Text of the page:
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by Mitchell P. Johnson

Wanna tell you a story
About the house-man blues
I come home one Friday
Had to tell the landlady I’d a lost my job
She said that don’t confront me
Long as I get my money next Friday
Now next Friday come I didn’t get the rent
And out the door I went.

“One Bourbon, One Scotch and One Beer”, as adapted by George Thorogood and the Destroyers.


In September of 2001, I was drafted by a senior partner to represent a client who had not paid her rent for four months. Unsurprisingly, she was being threatened by her landlord with eviction. “Great.” I thought to myself, “either she can pay the money to him or she can’t. If she doesn’t have the money, then the first time he serves her with proper notice, I am of no use to her at all.”

That was the first dumb thing I did. The first smart thing I did was go to see her at her house and meet with her.


When I got to my client’s house she showed me a three foot wide hole in her ceiling which leaked when it rained directly onto her bed. She showed me a back door that would not close and a heater that would not run at all. She showed me a rotten porch, rotten shutters, and rotten window frames that wouldn’t seal. She tells me “it’s been like this since I moved in and my landlord won’t do a thing.”

But she had never placed even one complaint in writing.


I learned that for five years my client had paid her rent religiously to her landlord. When she was late she drove to his house and paid her late fees.

In the course of advocating for my client’s position, I learned a number of helpful tips which I present in “primer” form in this article. I presume that these tips will be helpful to anyone interested in advocating for tenants’ rights.


In 1977, the General Assembly enacted the Residential Rental Agreements Act (the “Act”), codified at N.C. Gen. Stat. § 42-38 et seq. Pursuant to the Act, owners of rented residential property and their rental agents are “Landlords” and subject to the Act’s regulations. N.C. Gen. Stat. § 42-40(3).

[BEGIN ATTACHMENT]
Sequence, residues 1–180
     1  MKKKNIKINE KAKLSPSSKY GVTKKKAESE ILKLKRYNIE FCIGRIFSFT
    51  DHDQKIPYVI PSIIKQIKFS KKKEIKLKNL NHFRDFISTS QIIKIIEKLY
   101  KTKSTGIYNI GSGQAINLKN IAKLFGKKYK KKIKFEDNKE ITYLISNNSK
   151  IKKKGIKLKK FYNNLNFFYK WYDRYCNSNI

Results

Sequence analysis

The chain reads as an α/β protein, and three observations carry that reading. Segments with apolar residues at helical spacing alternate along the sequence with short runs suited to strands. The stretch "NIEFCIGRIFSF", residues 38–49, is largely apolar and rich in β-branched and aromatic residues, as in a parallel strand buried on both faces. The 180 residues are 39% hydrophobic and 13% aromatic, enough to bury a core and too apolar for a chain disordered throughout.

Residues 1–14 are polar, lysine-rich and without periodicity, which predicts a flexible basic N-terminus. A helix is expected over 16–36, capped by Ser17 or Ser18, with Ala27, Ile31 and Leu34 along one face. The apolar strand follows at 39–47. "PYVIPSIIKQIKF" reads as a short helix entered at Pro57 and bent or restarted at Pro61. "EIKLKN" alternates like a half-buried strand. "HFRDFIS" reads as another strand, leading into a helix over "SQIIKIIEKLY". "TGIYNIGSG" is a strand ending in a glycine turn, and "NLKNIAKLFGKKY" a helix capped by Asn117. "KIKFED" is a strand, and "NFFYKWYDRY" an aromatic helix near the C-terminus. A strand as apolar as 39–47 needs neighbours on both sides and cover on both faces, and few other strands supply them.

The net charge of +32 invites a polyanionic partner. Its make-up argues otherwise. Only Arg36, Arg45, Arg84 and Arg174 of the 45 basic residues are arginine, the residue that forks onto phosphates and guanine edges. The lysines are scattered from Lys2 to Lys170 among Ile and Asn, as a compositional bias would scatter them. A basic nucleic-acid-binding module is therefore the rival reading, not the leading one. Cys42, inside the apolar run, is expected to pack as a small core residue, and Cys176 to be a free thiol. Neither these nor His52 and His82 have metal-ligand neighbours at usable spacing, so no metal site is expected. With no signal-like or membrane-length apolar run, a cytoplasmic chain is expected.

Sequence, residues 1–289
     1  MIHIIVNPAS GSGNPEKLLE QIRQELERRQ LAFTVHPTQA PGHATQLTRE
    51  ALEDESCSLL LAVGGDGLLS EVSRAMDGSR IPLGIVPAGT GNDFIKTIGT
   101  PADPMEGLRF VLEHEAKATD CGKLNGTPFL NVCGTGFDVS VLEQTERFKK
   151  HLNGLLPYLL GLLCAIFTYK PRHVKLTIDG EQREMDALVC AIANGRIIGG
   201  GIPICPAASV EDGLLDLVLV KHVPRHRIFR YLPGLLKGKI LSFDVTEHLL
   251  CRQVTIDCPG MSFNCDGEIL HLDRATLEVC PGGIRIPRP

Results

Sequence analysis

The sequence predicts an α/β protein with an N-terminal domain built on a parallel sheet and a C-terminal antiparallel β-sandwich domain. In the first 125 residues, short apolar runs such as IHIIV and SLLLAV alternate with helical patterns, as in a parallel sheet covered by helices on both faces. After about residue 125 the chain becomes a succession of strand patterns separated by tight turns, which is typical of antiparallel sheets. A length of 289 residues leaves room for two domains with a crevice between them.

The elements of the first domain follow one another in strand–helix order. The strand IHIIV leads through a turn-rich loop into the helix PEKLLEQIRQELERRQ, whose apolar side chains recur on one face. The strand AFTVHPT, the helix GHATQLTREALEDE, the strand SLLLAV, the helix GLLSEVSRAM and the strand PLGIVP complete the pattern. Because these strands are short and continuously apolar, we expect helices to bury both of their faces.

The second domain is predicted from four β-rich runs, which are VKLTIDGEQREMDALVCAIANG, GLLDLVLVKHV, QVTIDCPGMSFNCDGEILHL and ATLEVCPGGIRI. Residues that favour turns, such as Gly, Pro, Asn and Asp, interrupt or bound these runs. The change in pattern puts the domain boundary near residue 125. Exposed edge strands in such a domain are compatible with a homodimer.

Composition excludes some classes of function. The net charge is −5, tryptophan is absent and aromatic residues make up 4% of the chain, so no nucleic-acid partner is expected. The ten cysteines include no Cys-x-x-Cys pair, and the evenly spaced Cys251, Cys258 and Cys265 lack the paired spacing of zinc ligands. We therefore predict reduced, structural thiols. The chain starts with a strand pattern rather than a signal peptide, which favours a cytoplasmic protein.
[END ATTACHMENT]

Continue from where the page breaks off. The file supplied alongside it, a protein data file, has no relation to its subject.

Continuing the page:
Pursuant to the Act, the big three obligations of a residential Landlord are that Landlords must:

(1) comply with all housing codes, applicable to the premises at issue,

(2) make all repairs to the premises, and

(3) do whatever is necessary to put and keep premises in fit and habitable condition.

N.C. Gen. Stat. § 42-42(a)(1) and (2).

As interpreted by the Court of Appeals, an implied warranty is created in every rental agreement between a residential landlord and tenant that the rental premises will meet the above minimum standards from the time of the tenancy’s initiation. If a Landlord fails to maintain a fit and habitable premises at any time from the beginning of the tenancy to its end, then the Act provides the tenant with an affirmative right to recover damages for any period “during which they can establish that the condition of their premises was substandard as measured by the statute . . .” Miller v. C.W. Myers Trading Post, 85 N.C.App. 362, 369, 355 S.E.2d 189, 193 (1987).

Importantly, because landlords are required to put the premises in fit and habitable condition, they are required to know the condition of the premises at the beginning of the lease. Accordingly, courts will deem landlords to have constructive or actual knowledge of defects in the premises or code violations which exist at the beginning of the tenancy. A tenant’s failure to provide written or even oral notice of these defects will not relieve a landlord of his obligations. Id. at 370, 355 S.E.2d at 370.

With respect to residential defects which arise after the tenancy has begun, landlords become liable when they gain either actual or constructive knowledge of the defect. The requisite knowledge is gained when a landlord learns of the defect in writing, orally or observes the defect for himself. Written notice of a defect is not required to trigger liability under the Act when that defect renders the premises unfit. Surratt v. Newton, 99 N.C.App. 396, 405-406, 393 S.E.2d, 554, 559 (1990).

Landlords may not evade liability by showing that a tenant gave poor cooperation in the repair effort or that the Landlord made “reasonable efforts to repair” during the period of unfitness. Creekside Apartments v. Poteat, 116 N.C.App. 26, 36, 446 S.E.2d 826, 832-833 (1994). Tenants are entitled to damages for any months in which the premises are found to be unfit. Id. The rental or lease of residential premises that is “fair” or below fair rental value will not release a landlord from his statutory obligation to provide fit and habitable premises. Miller, at 370, 355 S.E.2d at 194.

The Act provides that a tenant may recover damages from a Landlord for breach of the implied warranty of habitability. Such damages are calculated on a per diem basis as the difference between the rental value as warranted (i.e. the rental value of the residence in fit and habitable condition) minus the value of the residence as delivered. Id.